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What you see, what you can’t

Scientists, Astronomers, Spacemen, lend me your ears, I come to bury lies, not to perpetuate them
ABSTRACT: What you see, what you can’t

Sankarshan Thakur   |     |   Published 04.10.20, 12:29 AM

There is so much talk about darkness all around. But there is also talk about light. Contrary talk, it can leave you confused, like a ram that might wonder if it’s being fed out of love or being fed out of the love of... well. There is always this thing, and then there is that thing. Think about the dark side of the moon. Then think about the absurdity of it. The dark side of a darkness. Scientists, Astronomers, Spacemen, lend me your ears, I come to bury lies, not to perpetuate them. Darkness is where you do not take the lights. Light is where darkness flees in fright. Where it flees to we do not know; where it comes from, this darkness, we may have some notion. Darkness comes from dark things. What are dark things? We should have some notion, we’ve had a few years of trying, six or thereabouts. If we still do not know where darkness comes from, it is probably darkness we deserve. We kid ourselves, or delve in delusions.

The dark side of the moon is the twilight of a lie of your invention — the moon has no light, darkness cannot have a side, the dark side is defined by where the sun casts its light, or does not at a given time. So, please, end the lie. And the pretence of your erudition. Unmask the moon, let darkness be whole, do not tell us darkness has a side. Do not defame the moon. It has made us love, which is not a mean thing it has done. It has made us pine in its waning, and dine over its waxing, and those are no mean things either. Illusion has served survival far more than reality, no matter that illusion is appropriately a synonym for a lie. If truth afforded us living, not so many of us would be living, and not for the lengths we do. If truth afforded us living, we would be swearing by the moon. For it has no dark side or a side that is not lit. It passes not a waning or a waxing. It has no light. It has turned even its scars into a thing of beauty remarked upon, or some such thing. Wastrel poets and their even more wastrel leagues of investors would know.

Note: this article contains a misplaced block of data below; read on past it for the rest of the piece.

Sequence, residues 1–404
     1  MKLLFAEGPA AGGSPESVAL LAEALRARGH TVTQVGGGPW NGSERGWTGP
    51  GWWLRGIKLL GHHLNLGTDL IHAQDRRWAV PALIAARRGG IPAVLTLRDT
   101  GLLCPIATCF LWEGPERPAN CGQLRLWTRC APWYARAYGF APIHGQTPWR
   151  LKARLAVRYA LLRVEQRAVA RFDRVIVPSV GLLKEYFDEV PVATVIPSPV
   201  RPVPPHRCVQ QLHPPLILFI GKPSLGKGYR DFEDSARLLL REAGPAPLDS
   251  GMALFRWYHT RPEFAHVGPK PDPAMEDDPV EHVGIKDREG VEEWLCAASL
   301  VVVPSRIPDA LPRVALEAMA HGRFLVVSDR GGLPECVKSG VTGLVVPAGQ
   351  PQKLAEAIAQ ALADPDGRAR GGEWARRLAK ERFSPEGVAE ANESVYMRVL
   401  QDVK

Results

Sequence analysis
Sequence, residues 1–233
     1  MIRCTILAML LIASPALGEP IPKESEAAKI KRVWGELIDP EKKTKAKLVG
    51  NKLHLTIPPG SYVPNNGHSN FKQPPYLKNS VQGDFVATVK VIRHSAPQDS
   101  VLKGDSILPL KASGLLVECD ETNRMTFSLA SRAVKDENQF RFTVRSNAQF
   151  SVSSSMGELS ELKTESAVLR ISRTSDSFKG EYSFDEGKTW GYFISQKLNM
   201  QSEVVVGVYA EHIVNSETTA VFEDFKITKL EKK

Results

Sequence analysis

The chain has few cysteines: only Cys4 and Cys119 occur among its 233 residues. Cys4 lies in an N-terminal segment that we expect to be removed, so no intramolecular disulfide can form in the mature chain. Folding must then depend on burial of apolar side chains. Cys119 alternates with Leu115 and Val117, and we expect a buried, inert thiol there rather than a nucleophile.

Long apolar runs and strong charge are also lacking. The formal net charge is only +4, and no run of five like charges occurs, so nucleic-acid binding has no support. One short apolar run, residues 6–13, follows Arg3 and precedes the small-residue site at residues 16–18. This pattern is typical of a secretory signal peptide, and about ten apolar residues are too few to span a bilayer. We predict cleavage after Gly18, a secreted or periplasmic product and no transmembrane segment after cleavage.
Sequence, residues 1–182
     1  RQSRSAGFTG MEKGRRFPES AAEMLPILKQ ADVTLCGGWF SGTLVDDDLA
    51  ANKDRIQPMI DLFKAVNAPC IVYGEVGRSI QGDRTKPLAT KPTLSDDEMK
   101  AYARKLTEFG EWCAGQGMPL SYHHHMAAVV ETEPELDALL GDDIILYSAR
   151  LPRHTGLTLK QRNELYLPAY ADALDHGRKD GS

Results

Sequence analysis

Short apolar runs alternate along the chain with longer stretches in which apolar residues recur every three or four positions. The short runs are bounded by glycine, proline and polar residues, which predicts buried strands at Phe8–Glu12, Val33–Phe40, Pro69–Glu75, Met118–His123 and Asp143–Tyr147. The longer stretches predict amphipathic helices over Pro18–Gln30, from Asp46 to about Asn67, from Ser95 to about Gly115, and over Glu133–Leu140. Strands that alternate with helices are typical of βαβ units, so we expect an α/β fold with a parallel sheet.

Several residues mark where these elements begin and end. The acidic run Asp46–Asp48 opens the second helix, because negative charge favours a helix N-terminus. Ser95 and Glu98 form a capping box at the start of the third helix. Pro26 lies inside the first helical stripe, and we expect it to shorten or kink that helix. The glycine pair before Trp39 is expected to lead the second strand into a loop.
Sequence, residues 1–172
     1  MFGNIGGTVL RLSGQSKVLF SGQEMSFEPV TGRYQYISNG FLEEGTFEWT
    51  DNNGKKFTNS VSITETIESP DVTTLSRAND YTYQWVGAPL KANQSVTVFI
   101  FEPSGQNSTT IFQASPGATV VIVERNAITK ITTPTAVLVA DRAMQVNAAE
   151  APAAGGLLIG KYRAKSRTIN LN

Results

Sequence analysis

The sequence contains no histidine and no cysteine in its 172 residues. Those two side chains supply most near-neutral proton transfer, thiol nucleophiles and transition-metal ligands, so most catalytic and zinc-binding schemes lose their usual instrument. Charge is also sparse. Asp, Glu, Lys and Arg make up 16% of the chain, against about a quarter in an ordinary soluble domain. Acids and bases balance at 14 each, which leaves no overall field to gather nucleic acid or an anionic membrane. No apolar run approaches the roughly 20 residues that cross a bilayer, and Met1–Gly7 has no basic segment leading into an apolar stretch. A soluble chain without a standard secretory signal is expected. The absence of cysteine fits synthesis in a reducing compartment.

The moon is a darkness. What we see of it is almost never the reality of it; it is an illusion. But illusions are partly what we live by too, or more than partly. Who did ever cross a desert without the temptations of a shimmering, liquid thing called a mirage? You chase a mirage and in the process you’ve crossed the desert. Illusion has its uses. You must know it from mirrors. Or, from when you look into them. Are they not pleasing? Mirrors? And on the occasion they are not pleasing, are they not brought to reflecting what’s pleasing?

Imagine some day, coming across a mirror that is opaque. You come to it and it shows you nothing, as if it had nothing to say of you, as if it had reduced you to nothing. Because it shows nothing, an opaque mirror. It is telling you, you are nothing, not worth the effort of forming an image of yourself and having it reflected to yourself. Or a mirror that is see-through. You come to it and it puts you past itself, beyond, far beyond the limited thing that you or your face are.

Yonder, where many more things are than just you. A mirror on the world. A mirror that shows you more than merely the vanity of you and invites you, through its see-through virtues, to fall through, fall beyond and become part of something altogether greater than yourself. Like the moon is, most likely, with little realisation of what it is — a part of an infinitesimally greater arrangement, and only an infinitesimally tiny part of it.

Look at yourself
Oh look at that, what flourish
But, if you may, favour yourself
And do not forget the blemish.


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